Chuck de Caro
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Charles John “Chuck” de Caro (born 1950 in Providence, Rhode Island) is an American strategist and futurist who originated the concept of SOFTWAR which is defined as: “The hostile use of global visual media to shape another society’s will by changing its view of reality.”
He is the progenitor and advisor of the world’s first experimental military virtual unit, under a research contract with the Department of Defense. The 1st SOFTWAR Unit (Virtual) was organized at Joint Training Base Los Alamitos,California, in July 2013. The 1stSU(V), is composed entirely of California Army and Air Guard personnel whose civilian occupations and talents have no analog in any other branch of government. The experimental unit is designed to assist combatant commanders and government agencies with difficult problems in Information Warfare.
His original SOFTWAR thesis was published in 1991 by the Providence Journal Bulletin and led to lectures, books and articles on Information Warfare, which he continues to produce to the present day; as well as into research projects for the Pentagon's Office of Net Assessment.
He later followed various career paths including service with the 20th Special Forces Group and then transitioned to journalism with the Providence Journal Bulletin, the Colorado Springs Gazette Telegraph, and the (New Orleans) Vieux Carre’ Courier.
In the mid 1970s, de Caro became a television reporter with smaller local TV stations, most notably WTSP-TV in Tampa, Florida, where he reported live from inside the eye of Hurricane David from a USAF WC-130H Hurricane Hunter aircraft. While at WTSP-TV, he also became one of the first journalists to fly both the F-15 Eagle and F-16 Fighting Falcon fighter jets.
While researching and writing a novel titled "Spacewar: The Enterprise Affair," about military use of the Space Shuttle, de Caro was given the opportunity to participate in many segments of NASA astronaut training. Besides centrifuge rides and practice in the Space Shuttle EVA suit, he completed some 600 zero-gravity parabolas aboard NASA's "Vomit Comet" along with astronauts Robert. L. Gibson, Sally Ride, and Steve Hawley . The then-Assistant Secretary of Defense for Public Affairs, Thomas B. Ross, liked de Caro's project so much that he recommended that the US Air Force loan him a T-38 Talon jet trainer and an instructor pilot to simulate Space Shuttle approaches and landings. The resultant article, "Flying the White Rocket" was published by Challenge Publications "Air Combat Magazine - Special Edition" in 1980. He continued his association with NASA, flying more zero-G flights to report on the new Space Shuttle airlock, even interviewing Astronaut Jerry L. Ross while in weightless mode.
In 1981 he began working WPIX-TV and Independent News Network in New York City. Two years later he joined Cable News Network as a Special Assignment Correspondent. As a lone combat reporter/cameraman and fluent in Spanish, he would spend up to nine weeks at a time in the jungles of Nicaragua covering the operations of ARDE guerillas led by Eden Pastora (aka Commandante Cero) and Hugo Spadafora.
During the Grenada invasion of 1983, he and CNN founding Vice President Ted Kavanau, who acted as his cameraman, sailed and paddled into Grenada, to get around the US Department of Defense imposed news embargo while that island was being invaded. Their confrontation with the US Navy would end up as a front page photograph in the New York Times.
Mr. de Caro and his cameraman, Ken Kelsch, another former member of US Army Special Forces, used their military training to slip in and out of Suriname in 1984, to do exclusive CNN reports on American mercenaries and Surinamese guerillas trying to overthrow the Bouterse regime. Mr. de Caro also reported and produced investigative documentaries on illegal drug operations, foreign espionage and criminal gangs. He also did CNN documentaries on Radio Frequency Weapons, the Bentwaters UFO Incident and the First Trans-Atlantic Air Rally. He also parachuted with USAF Combat Control Teams and US Army Rangers to generate vivid CNN reports on those military units.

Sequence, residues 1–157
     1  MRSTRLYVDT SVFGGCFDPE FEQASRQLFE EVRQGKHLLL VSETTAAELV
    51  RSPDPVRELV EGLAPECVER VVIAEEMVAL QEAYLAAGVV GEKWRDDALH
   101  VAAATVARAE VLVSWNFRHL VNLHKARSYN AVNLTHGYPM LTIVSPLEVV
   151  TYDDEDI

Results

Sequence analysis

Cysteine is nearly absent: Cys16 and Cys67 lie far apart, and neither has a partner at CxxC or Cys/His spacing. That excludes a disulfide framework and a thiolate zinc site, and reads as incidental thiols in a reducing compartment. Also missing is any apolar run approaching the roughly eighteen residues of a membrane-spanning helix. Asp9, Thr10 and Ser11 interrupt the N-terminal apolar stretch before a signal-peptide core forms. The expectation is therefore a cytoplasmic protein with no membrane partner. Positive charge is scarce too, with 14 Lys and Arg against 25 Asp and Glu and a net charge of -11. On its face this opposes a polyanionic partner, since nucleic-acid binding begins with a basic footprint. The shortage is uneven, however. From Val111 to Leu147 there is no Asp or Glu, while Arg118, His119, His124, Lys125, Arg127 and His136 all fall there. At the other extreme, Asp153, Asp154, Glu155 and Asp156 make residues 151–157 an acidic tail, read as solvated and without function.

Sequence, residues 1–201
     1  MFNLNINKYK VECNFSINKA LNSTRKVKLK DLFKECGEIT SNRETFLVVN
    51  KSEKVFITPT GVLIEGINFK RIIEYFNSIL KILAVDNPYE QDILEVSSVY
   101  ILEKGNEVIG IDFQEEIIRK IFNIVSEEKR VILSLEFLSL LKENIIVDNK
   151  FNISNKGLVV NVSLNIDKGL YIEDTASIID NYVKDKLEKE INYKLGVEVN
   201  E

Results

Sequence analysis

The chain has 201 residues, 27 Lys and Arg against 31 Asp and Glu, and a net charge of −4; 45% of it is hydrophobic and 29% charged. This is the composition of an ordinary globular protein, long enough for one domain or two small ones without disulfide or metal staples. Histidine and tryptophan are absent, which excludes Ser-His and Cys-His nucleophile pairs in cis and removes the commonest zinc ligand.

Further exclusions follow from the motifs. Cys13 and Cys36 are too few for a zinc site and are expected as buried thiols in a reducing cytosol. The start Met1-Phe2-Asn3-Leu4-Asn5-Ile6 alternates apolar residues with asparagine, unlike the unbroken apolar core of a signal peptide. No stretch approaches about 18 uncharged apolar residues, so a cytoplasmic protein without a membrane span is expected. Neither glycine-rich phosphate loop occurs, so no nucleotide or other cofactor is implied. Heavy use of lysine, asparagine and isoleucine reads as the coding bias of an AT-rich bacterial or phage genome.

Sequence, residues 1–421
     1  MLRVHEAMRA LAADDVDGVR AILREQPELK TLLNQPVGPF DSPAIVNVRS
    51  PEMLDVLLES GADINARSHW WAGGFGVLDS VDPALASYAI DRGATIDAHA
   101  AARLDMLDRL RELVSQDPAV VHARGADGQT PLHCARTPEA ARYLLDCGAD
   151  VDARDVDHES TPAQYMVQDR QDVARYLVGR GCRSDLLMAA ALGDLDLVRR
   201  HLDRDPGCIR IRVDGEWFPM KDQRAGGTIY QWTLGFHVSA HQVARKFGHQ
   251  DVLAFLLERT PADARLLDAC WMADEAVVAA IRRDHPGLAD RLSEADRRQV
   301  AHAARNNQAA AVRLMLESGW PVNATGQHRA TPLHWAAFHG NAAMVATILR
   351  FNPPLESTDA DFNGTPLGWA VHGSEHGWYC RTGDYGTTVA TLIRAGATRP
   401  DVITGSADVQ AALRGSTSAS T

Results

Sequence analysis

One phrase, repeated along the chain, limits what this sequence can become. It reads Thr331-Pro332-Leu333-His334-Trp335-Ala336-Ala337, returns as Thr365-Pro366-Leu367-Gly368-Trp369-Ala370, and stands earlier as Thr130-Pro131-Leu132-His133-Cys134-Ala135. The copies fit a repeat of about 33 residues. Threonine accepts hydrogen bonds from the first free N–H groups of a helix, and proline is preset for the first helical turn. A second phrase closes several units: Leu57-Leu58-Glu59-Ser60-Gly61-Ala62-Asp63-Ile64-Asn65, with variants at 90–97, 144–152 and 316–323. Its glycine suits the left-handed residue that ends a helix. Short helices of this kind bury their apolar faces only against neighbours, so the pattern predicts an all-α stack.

In 1985 de Caro piloted a jet with the first US Navy female aviator assigned to an Aggressor Squadron (VF-43), Lieutenant Linda “Peaches” Shaffer. With CNN cameraman org/news_and_events/news/2008/05/biello. html Mark Biello video taping from a chase plane, de Caro successfully flew through the entire out-of-control flight syllabus which included spins, inverted spins, and even an “uncorking” maneuver using an inverted snap roll at the top of a loop with forward stick called a "Lomcevak". Flying with the Royal Navy in 1986, de Caro was the first American civilian to graduate from the Royal Navy's Water Survival School at Seafield Park. He later flew numerous sorties in Hawker Hunter jet fighters with Commander Christopher Hunneyball, RN, who had been awarded the Order of the British Empire (OBE) for his efforts in the Falklands War.
His CNN documentary “The Zap Gap” and an article of the same name published in The Atlantic Monthly in March 1987 caused a stir in the Pentagon because it delineated the vulnerabilities of many US weapons systems to High Energy Radio Frequency (HERF) and Directed Energy Weapons (DEW).
While writing a front page story for the independent Army Times newspaper he became the first non-government civilian to attend and graduate from the US Army Air Assault School and was awarded the coveted Air Assault Badge. His colleague and friend, CNN Anchor Lynne Russell pinned on his air assault badge upon his graduation from the course.
Mr. de Caro became a technical advisor and on-air consultant in the 1990s to three TV Series magazines: Hard Copy, Sightings, and Encounters. He also worked with Donald P. Bellisaro in two Belisarius Productions TV dramas: Quantum Leap, and JAG. He also did un-credited technical advising on the series First Monday and NCIS. Mr. de Caro joined the Screen Actors Guild and played himself in the JAG TV series, appearing with actors Catherine Bell, Karri Turner, and Andrea Thompson.